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What are some lesser known derivations of well-known formulas and theorems?

I ask because I recently found a new way to derive the quadratic formula which didn't involve completing the square as is commonly taught. Doing so I was wondering what other proofs and derivations for other formulas that have remained unknown to most people? Whether it be because the proof is too complex or less pretty, I still find it insightful to see different ways to solve a problem. To me it makes me understand proofs better, and thus also giving a better comprehension of it.

$$ \begin{align} &\text{Given a quadratic function } f:\\[0.1em] f &=ax^2+bx+c = a(x-r_1)(x-r_2) = ax^2-a(r_1+r_2)+ar_1r_2\\[0.1em] a &= a,\enspace \frac{b}{a} = -(r_1+r_2),\enspace \frac{c}{a} = r_1r_2\\[1em] f' &= 2ax+b, \enspace f'(x) = 0 \Rightarrow x = -\frac{b}{2a}\\[0.2em] \text{This is an}& \text{ extremum of } f \text{, and is equidistant from each root } r_1, \enspace r_2 \text{ as shown:}\\[0.4em] \frac{b}{a} &= -(r_1+r_2) \iff -\frac{b}{2a} = \frac{r_1+r_2}{2} \\[1em] \Rightarrow \enspace &\text{The roots are of the form } r= -\frac{b}{2a}\pm d\\[1em] \frac{c}{a} = r_1r_2 &= (-\frac{b}{2a}+d)(-\frac{b}{2a}-d) = \frac{b^2}{4a^2}-d^2\\[0.2em] \Rightarrow\enspace& d^2 = \frac{b^2}{4a^2}-\frac{c}{a} = \frac{b^2}{4a^2}-\frac{4ac}{4a^2} = \frac{b^2-4ac}{4a^2}\\[0.2em] \Rightarrow\enspace&d = \pm\frac{\sqrt{b^2-4ac}}{2a}\\[1em] \text{Which yields }& r = -\frac{b}{2a}\pm d = \frac{-b\pm\sqrt{b^2-4ac}}{2a}\enspace\square \end{align} $$

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    $\begingroup$ I really like this derivation personally. Its very nicely geometrically motivated $\endgroup$ Nov 11, 2014 at 22:43
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    $\begingroup$ You may find these 100 proofs of Pythagorean Theorem interesting $\endgroup$
    – user170039
    Nov 14, 2014 at 12:20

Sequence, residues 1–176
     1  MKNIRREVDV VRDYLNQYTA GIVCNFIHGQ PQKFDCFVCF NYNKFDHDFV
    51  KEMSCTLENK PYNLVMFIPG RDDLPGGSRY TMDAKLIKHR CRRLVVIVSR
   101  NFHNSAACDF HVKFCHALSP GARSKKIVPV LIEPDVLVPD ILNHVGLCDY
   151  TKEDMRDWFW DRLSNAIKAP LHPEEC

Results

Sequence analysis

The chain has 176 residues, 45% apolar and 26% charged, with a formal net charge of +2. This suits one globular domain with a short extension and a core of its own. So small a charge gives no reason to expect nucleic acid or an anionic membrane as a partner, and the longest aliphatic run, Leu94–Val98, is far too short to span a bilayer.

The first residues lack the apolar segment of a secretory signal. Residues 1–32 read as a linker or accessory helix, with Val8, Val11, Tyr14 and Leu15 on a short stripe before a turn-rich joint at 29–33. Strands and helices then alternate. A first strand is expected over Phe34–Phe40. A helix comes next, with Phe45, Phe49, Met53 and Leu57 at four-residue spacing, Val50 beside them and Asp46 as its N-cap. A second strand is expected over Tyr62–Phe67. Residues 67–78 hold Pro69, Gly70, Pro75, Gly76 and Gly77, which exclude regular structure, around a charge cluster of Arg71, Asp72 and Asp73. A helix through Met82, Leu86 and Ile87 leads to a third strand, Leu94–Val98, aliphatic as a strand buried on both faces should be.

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    $\begingroup$ I love this derivation, but it's worth noting that it's basically completing the square in disguise: shifting your extremum to zero is exactly equivalent to putting the quadratic in the form $s^2-t$, where $s=x+(b/2a)$. $\endgroup$ Nov 15, 2014 at 0:22

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The part of Wilson's theorem which states that $(p-1)!\equiv -1 {\mod p}$ for any prime $p$ is normally proved by grouping elements in the product $(p-1)!$ with their inverses, but it also admits a proof using Sylow theory by first showing that there are $(p-2)!$ Sylow $p$-subgroups of $S_p$. To do this, observe first that a Sylow $p$-subgroup of $S_p$ is generated by a permutation of $p$ objects, of order $ p $. There are $(p-1)!$ of these, and each subgroup is isomorphic to a cyclic group with $p$ elements, which has $p-1$ generators.

By the third Sylow theorem, we then have $(p-2)!\equiv 1 {\mod p}$ and the result follows.

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In 1955, Hillel Furstenberg gave a topological proof for the fact that there are infinitely many prime numbers which derives a contradiction by observing that if there were only finitely many, a certain set would be closed that from topological arguments is known not to be closed.

The full proof can be found here.

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    $\begingroup$ I wouldn't say that's a topological proof; there isn't any actual topology used besides the definition of a topology on a space (and the definition is nothing more than convenient nomenclature or bookkeeping). It's still a cool proof, though. $\endgroup$
    – anomaly
    Nov 15, 2014 at 0:17
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    $\begingroup$ Here is a version of Fuerstenberg's proof: We are arguing about periodic sets of integers. The set $N_p$ of all integers prime to $p$ is periodic, and the intersection of two periodic sets is periodic. If there were only finitely many primes the set $\{1,-1\}$ would be periodic. $\endgroup$ Nov 21, 2014 at 12:37
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Here's a proof due to Zagier that every prime $p = 4n + 1$ is the sum of two squares: On the finite set $A = \{(x, y, z)\in \mathbb{Z}^{\geq 0}:\, p = x^2 + 4yz\}$, define $$f(x, y, z) = \begin{cases} (x + 2z, z, y - x - z) & \text{if $x < y - z$}; \\ (2y - x, y, x - y + z) & \text{if $y - z < x < 2y$}; \\ (x - 2y, x -y + z, y) & \text{if $x > 2y$}. \end{cases}$$ The function $f$ has exactly one fixed point: $(1, 1, n)$. Any involution $g$ of $A$ (i.e., function with $g = g^{-1}$) must have a number of fixed points $F_g$ equal to $\#A \pmod{2}$, since $\frac{1}{2}\left(F_g + \#A\right)$ is an integer by Burnside's theorem. (Specifically, it's the number of orbits of $A$ under $g$). Thus the involution $(x, y, z) \to (x, z, y)$ must have also have an odd number of fixed points; in particular, there must exist at least one fixed point $(a, b, b)\in A$. Thus $p = a^2 + (2b)^2$, as required.